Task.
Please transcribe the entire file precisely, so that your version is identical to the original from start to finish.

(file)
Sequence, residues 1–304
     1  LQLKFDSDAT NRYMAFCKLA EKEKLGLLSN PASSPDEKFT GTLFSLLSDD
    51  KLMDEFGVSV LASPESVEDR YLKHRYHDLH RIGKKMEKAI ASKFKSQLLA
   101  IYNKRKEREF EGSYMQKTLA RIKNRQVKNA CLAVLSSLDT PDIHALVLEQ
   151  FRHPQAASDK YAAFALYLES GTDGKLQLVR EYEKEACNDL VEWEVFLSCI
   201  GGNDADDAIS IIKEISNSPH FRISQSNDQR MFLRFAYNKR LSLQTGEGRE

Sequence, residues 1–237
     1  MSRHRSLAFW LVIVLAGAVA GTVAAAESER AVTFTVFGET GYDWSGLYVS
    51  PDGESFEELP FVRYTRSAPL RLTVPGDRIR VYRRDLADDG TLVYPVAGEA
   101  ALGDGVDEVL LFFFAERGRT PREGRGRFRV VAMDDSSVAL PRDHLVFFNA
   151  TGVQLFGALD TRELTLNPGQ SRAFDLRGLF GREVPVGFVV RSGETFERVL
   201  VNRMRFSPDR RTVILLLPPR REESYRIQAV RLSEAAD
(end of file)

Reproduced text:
Sequence, residues 1–304
     1  LQLKFDSDAT NRYMAFCKLA EKEKLGLLSN PASSPDEKFT GTLFSLLSDD
    51  KLMDEFGVSV LASPESVEDR YLKHRYHDLH RIGKKMEKAI ASKFKSQLLA
   101  IYNKRKEREF EGSYMQKTLA RIKNRQVKNA CLAVLSSLDT PDIHALVLEQ
   151  FRHPQAASDK YAAFALYLES GTDGKLQLVR EYEKEACNDL VEWEVFLSCI
   201  GGNDADDAIS IIKEISNSPH FRISQSNDQR MFLRFAYNKR LSLQTGEGRE

Sequence, residues 1–237
     1  MSRHRSLAFW LVIVLAGAVA GTVAAAESER AVTFTVFGET GYDWSGLYVS
    51  PDGESFEELP FVRYTRSAPL RLTVPGDRIR VYRRDLADDG TLVYPVAGEA
   101  ALGDGVDEVL LFFFAERGRT PREGRGRFRV VAMDDSSVAL PRDHLVFFNA
   151  TGVQLFGALD TRELTLNPGQ SRAFDLRGLF GREVPVGFVV RSGETFERVL
   201  VNRMRFSPDR RTVILLLPPR REESYRIQAV RLSEAAD